Shoehorned into a leftover site, this tiny waterfront park
has helped revive a withered downtown on Puget Sound.
By Mark Hinshaw
Only a few years ago, the future of Bremerton, Washington,
seemed pretty bleak. Like many American towns in the 1970s, it saw the start of
a long, slow decline in its downtown, with department stores and shops
decamping for suburban malls. Even the decades-long presence of a U.S. naval
shipyard right next door to the downtown could not staunch the rapid emptying
out of the center. At the beginning of the 21st century, Bremerton
distinguished itself within the rapidly growing metropolitan region of Puget
Sound as the only city to actually lose population. Those were tragic times for
this waterfront community of more than 35,000. Despite being linked to Seattle
by huge car-carrying ferries and sporting a waterfront offering spectacular
views of snow-capped mountain ranges, Bremerton was a poster child for urban
disinvestment. Several attempts to revive it fell flat.
Part of the problem was that the community was mired in the
past, with no clear vision of the future. Many downtown properties were owned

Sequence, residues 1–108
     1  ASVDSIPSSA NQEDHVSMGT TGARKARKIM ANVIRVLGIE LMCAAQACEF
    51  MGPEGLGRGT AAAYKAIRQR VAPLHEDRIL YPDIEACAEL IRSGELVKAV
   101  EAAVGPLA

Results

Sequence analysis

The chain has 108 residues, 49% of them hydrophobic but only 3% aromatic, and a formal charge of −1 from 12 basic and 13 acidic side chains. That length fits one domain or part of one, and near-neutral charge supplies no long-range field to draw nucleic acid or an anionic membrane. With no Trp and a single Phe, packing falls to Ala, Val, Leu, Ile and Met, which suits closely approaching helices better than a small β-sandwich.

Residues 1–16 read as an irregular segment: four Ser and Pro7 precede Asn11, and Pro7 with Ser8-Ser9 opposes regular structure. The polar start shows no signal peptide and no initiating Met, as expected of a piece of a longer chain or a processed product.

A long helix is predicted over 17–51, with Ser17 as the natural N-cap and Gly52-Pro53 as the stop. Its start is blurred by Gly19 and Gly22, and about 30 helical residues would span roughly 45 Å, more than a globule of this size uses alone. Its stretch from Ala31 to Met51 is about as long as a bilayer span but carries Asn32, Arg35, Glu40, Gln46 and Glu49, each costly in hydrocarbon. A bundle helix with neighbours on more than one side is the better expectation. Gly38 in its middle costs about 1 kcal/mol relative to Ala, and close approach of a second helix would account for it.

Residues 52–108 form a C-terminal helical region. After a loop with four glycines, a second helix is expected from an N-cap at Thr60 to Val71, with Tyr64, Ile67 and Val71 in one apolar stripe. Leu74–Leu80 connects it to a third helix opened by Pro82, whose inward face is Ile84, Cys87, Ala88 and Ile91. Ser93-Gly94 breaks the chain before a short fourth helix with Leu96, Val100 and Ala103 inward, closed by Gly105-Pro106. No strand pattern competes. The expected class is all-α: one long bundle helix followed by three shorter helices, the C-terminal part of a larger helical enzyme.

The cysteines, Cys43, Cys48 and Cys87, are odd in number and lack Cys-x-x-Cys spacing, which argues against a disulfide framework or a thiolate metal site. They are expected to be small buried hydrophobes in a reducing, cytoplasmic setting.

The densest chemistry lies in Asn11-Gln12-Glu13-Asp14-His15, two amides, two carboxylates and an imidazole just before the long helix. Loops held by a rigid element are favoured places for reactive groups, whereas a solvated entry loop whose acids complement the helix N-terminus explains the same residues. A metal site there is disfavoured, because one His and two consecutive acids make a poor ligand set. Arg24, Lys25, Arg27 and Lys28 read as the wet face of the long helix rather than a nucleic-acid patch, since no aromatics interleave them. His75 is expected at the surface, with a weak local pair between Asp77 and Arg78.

by the Bremer family, heirs to the city’s founder, and those buildings and
sites languished. There were no strong voices, and the city government was
burdened by a “good ol’ boy” culture combined with complacency and
confusion—hardly a recipe for success.
Then leadership emerged from new sources: The ebullient head
of the local housing authority saw his agency as more than merely a provider of
below-market housing—he saw it as a tool for jump-starting reinvestment. The
chief executive of the local transit authority was successful in helping build
a new bus transit center serving both ferries and buses. And a dynamic new
mayor, Cary Bozeman, was elected. A big-picture politician, he surrounded
himself with aggressive people and gave them the charge of changing the
Bozeman’s prior jobs as mayor of another city that turned
itself around and as head of a well-regarded regional social service agency
showed him that strategic public actions could make a huge difference. He was
particularly attuned to how the building of well-designed, dramatic public
spaces can transform a community’s self-image and attract private investment as
well. Through a public/private development partnership, he provided the city
with its first-ever town square, leading from the city center to the waterfront
and a previously built esplanade.
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